In response to Grant Wartkentin’s post about taxpayer-funded slaughter payments to Cermaq Mainsream for its Clayoquot Sound fish that had IHN, here are some quoted segments of his post:
If Reid had done a 30 second Google search for "Cermaq financial statements," he would have found the actual amount of compensation we received in the .
The number you are looking for is on page 7 where it states:"Mainstream Canada received a compensation of NOK 15.4 million following the mandatory culling of the Millar site due to an IHN outbreak in July 2012."
That's roughly $2.8 million CAD, a far cry from Reid's imaginary number of $35 million. The market value of the fish which were culled, if they had grown to harvest, would have been at least 10 times that amount.
Hopefully Reid will correct his mistakes, since his whole premise, and his numbers, are completely fabricated nonsense.
In response: yes, it has been a long time since I have accepted anything a fish farm says without doing independent research. I lost belief in fish farms when they neutralized a Jan 9, 2004 Science article showing that farmed fish had high levels of PCB’s, cancer causing chemicals and persistent organic pollutants (1). The post on this read like a Hollywood movie script (2,3,4). The same Albany university group has been publishing on the chemicals in farmed fish in the years following their Science 2004 article, and Norwegian scientists have also published on this in 2013 (5).
My investigations should result in the actual dollar figures paid for slaughtered farm fish all across Canada, but an estimate is the best that can be done now because fish farms are not transparent. I researched the Canadian Food Inspection Agency, and other sources to come up with what seems a reasonable approach – you can see it in the last post. So, until I have independent verification of the amount, my $35 Million estimate stands for now – I have noted Wartkentin’s claim of $2.8 Million. Should it or another figure prove to be the more likely than my current estimate, I will amend my figure.
Let me give you an example of non-transparency. A year ago, my research into fish feed showed that some companies were using chicken and other land animal faeces in fish feeds. I checked on Cermaq/Mainstream’s fish feed company EWOS and found that among other things, they were using, as they put it, feather meal. This means chicken feathers. So if you eat a farmed fish, you could be eating chicken feathers. These have been shown to contain multiple chemicals in them, for example, fluoroquinolines. I would not eat a farmed salmon.
I sent a note to EWOS asking them if they used chicken faeces and/or animal faeces in their fish feeds. I did not receive a response. I asked six times, and received no response. If I had been EWOS I would have wanted to be sure no one in the world thought I was using faeces in EWOS feed. So it is still not clear whether chicken faeces or other animal faeces are in EWOS feeds.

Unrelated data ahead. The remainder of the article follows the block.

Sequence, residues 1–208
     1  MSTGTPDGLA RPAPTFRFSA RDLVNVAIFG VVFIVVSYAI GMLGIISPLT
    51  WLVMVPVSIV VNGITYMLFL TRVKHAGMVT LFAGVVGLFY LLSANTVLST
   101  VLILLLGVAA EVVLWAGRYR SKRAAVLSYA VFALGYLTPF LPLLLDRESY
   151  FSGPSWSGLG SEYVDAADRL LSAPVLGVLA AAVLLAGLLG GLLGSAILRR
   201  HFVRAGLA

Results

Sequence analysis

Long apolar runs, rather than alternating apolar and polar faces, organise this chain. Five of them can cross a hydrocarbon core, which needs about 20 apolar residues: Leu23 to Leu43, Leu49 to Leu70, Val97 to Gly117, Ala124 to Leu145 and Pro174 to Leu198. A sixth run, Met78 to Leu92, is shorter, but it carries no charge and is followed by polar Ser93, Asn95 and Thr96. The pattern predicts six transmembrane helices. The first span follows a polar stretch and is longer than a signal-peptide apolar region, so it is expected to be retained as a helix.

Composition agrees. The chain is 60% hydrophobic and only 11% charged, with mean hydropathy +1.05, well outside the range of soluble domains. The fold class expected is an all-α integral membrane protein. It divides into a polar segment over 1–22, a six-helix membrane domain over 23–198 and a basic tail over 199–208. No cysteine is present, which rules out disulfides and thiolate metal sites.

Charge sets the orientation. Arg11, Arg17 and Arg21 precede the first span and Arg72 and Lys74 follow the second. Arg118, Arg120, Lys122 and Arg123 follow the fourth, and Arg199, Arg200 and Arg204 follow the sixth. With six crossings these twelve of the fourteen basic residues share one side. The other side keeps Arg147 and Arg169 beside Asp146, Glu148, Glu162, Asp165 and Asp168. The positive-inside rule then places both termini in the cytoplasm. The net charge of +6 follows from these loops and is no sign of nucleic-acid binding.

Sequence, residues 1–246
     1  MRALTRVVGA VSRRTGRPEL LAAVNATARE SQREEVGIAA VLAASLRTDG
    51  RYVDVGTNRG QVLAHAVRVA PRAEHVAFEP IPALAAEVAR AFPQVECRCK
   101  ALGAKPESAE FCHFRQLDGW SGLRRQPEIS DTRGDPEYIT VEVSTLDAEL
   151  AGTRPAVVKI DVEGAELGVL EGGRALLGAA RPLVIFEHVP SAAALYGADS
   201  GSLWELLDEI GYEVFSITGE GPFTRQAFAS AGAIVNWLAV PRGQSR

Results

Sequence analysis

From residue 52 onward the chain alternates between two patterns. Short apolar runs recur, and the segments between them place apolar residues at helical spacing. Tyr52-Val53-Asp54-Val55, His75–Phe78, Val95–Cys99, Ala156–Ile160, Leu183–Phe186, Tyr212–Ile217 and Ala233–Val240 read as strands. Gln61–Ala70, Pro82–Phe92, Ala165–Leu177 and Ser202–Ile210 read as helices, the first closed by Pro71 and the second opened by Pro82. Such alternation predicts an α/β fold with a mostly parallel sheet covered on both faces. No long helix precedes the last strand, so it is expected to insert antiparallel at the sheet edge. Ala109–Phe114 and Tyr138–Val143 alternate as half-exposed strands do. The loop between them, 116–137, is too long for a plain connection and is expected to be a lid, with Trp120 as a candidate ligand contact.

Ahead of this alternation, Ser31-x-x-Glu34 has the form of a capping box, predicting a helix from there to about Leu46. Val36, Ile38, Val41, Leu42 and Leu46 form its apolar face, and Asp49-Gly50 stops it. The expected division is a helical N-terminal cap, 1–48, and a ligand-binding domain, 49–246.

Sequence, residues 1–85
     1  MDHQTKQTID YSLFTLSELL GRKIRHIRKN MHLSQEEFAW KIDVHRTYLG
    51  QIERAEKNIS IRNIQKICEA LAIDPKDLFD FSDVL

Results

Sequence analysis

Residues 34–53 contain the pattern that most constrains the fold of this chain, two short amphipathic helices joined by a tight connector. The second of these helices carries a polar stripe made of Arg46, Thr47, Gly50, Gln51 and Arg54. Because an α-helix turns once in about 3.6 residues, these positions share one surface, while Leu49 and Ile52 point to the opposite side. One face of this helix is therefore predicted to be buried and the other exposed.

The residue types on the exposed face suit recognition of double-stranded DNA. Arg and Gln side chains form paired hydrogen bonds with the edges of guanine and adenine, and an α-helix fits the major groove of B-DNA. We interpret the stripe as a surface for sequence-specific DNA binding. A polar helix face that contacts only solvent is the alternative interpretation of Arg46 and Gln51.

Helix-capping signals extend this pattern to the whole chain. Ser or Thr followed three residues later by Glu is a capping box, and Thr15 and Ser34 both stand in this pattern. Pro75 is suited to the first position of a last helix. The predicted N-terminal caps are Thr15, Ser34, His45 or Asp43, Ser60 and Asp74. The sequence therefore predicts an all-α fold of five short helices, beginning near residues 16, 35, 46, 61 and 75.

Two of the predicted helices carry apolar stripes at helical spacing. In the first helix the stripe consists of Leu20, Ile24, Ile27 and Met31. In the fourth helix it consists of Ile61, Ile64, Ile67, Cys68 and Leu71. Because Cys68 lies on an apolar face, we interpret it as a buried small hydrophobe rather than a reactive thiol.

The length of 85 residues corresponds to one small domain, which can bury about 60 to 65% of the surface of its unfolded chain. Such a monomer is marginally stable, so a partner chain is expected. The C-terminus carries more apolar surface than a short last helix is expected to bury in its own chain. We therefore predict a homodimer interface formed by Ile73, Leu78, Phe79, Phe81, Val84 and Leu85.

One other thing, Mainstream actually had IHN virus at three Clayoquot fish farms: Millar, Dixon and Bawden. Wartkentin does not mention this. And Grieg had IHN at Culloden in the Sechelt. In 2001 to 2003, 36 fish farms in BC had IHN, killing some 12,000,0000 farmed fish. Were these compensated for at today’s figure of $30 per fish this would mean $360 Million. Canadian taxpayers don’t want their tax money going to foreign multi-billion dollar corporations. In this case the company is owned, currently, 59.2% by the Norwegian government and the people of Norway.
The final thing I would add is that the tone of Wartkentin’s notes is not professional. If I were Mainstream/Cermaq I would not let him speak this way, or I would let him go.
1. Science, Jan 9, 2004. This is the article that fish farms neutralized: http://www.albany.edu/ihe/salmonstudy/salmon_study.pdf. This Albany (Hites et al) group has gone on to author many reports on chemicals in farmed fish in the years since 2004, including chemicals that cause cancer.
2. This is the spinwatch.org link to the article David Miller wrote on about the fish farms. It details a story that doesn’t seem real, one that would make a Holllywood script. After reading this, you will probably come to the same conclusion that I did: I never believe anything a fish farm company says unless can independently verify the claim: http://www.spinwatch.org/index.php/component/k2/item/139-spinning-farmed-salmon-part-1-of-3.
3. This is part 2 of the Miller article: http://www.spinwatch.org/index.php/issues/spying/item/140-spinning-farmed-salmon-part-2-of-3
4. This is part 3 of the Miller article: http://www.spinwatch.org/index.php/component/k2/item/141-spinning-farmed-salmon-part-3-of-3